Monday, April 28, 2008

Dalai Lama should not push his luck too far

By China Watcher

The Dalai Lama should be thankful that he was offered the continuation of a dialogue, to be scheduled within the next few days, with the Chinese government over the Tibet issue arising from the many pleas and requests from foreign governments and his representatives for talks.

As a political figure more than a historical spiritual head, he warned that the talks would be pointless if Beijing was not “serious” in finding a solution to the demands of the Tibetan cliques and monks. He added that if the central government is only using the “talk” to placate world’s opinion without any commitment then there is no use of having a meeting.

There were six earlier rounds but it has resulted in a dead end over the Dalai Lama excessive demands of wanting Greater Tibet autonomy (partial Tibetan governing structure in Qinghai, Gansu, Sichuan etc) as against the Tibet region alone. The diverging demands were the reason for the failure of the earlier talks.

First, it was the Dalai Lama who is requesting for a dialogue and not the Chinese government. He claimed that the Tibetan monks at the few monasteries inside Tibet have been oppressed and as such, he told the Western media that he is seeking for a dialogue to end the widespread discontentment and “killings” of Tibetans. So, why is he trying to play “politics” to warn the Chinese government on its commitment towards the “talk” when he was the one who asked for it in the first place? The Dalai Lama must understand that the dialogue is a given window of opportunity, however small it is, to make good whatever representations he has to make to the Chinese government and not to jeopardize it. There is a saying “Opportunity only knocks once or twice in many years”.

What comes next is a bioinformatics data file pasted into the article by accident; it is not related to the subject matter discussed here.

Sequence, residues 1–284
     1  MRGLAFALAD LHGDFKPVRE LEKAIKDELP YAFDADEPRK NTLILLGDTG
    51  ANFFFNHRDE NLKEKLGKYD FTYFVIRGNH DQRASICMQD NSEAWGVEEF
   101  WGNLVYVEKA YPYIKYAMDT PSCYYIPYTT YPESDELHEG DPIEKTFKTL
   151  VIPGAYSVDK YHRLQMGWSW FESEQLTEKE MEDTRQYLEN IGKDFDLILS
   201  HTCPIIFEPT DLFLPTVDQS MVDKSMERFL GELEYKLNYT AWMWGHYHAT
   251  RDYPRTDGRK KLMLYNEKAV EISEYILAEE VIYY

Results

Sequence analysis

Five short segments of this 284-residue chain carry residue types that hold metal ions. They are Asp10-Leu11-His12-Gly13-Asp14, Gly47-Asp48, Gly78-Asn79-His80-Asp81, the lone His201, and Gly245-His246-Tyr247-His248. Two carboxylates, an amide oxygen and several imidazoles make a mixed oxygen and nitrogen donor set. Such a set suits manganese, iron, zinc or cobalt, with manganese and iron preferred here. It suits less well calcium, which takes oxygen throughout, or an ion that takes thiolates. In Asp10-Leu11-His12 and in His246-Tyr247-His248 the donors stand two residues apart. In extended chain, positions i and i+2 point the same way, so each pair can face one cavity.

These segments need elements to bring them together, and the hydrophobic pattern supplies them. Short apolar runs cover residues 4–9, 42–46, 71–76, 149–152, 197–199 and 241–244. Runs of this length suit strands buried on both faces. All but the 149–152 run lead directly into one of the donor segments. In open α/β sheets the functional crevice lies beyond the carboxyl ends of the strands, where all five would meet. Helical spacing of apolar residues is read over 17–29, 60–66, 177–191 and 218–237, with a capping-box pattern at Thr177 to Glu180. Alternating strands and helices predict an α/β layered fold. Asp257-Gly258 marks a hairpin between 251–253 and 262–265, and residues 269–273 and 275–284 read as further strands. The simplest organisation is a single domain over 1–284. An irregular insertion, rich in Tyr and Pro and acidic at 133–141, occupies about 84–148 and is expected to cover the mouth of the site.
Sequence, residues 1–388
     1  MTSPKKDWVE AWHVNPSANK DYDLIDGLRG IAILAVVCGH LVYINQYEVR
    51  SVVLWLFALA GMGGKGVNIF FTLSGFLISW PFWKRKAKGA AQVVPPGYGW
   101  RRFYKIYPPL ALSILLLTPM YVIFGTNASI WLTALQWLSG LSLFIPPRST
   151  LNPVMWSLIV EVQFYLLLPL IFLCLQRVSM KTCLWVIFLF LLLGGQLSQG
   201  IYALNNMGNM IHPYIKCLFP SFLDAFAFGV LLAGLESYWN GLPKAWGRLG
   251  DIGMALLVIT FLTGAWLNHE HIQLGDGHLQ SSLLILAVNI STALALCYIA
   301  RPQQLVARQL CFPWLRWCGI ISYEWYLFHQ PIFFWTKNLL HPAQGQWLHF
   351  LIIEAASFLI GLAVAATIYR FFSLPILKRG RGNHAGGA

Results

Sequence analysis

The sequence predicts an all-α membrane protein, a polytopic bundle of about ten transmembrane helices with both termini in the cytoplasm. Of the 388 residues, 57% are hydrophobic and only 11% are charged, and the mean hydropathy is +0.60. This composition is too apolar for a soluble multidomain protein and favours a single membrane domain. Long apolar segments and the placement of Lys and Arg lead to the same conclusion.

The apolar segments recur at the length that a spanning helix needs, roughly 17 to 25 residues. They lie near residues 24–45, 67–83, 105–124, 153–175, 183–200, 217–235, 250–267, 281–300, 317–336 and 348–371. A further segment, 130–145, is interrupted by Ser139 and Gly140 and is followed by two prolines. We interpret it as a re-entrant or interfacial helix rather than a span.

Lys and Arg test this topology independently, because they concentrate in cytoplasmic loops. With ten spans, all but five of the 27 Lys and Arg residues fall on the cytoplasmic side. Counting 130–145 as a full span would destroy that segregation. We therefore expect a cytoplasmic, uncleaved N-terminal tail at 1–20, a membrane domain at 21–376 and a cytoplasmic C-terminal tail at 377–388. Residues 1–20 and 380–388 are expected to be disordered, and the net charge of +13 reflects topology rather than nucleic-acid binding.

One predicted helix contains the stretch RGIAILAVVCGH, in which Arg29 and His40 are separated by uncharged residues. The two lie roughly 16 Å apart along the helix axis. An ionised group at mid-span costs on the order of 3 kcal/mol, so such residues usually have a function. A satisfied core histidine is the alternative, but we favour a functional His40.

Second, the Chinese government felt that it should give the talk another chance since there were requests coming from certain world’s political figures and internal Chinese advisors, academicians and other appointees from the non Communist organizations in the ruling administration. I always believe that the Chinese government will listen to the voices in the political stratum of the Chinese governing structure more than the pressures from protests and disruptions launched by the Tibetan exiles and its mainly Western sympathizers and media.

Third, if there is no talk then there is only one other possibility, that is, the use of an armed rebellion to overthrow the governing Chinese Communist Party in Tibet. Do you think this is possible? The Dalai Lama is seen as a peaceful person in the eyes of a Westerner and one who purely advocates non violence, and what will then be his position if he does not agree in having a dialogue with the Chinese government?

Personally, I do not trust the Dalai Lama who is more a political than a religious figure. I have stated this many times in my earlier articles that if he is a genuine human rights fighter for his people, he should clearly make his declaration at the United Nation not to advocate or support independence and clarified that Tibet is an inalienable part of China.

Unfortunately, he has only mentioned his stance to the Western media and the political personalities he met which I am not mistaken is confined to not seeking independence but with “partial” autonomy within China. He has failed to declare that Tibet and Taiwan are an inalienable part as required by the Chinese government. His dwindling influence and his hold over the independence seeking Tibetan political organizations are matters which may influence the direction of the talk.

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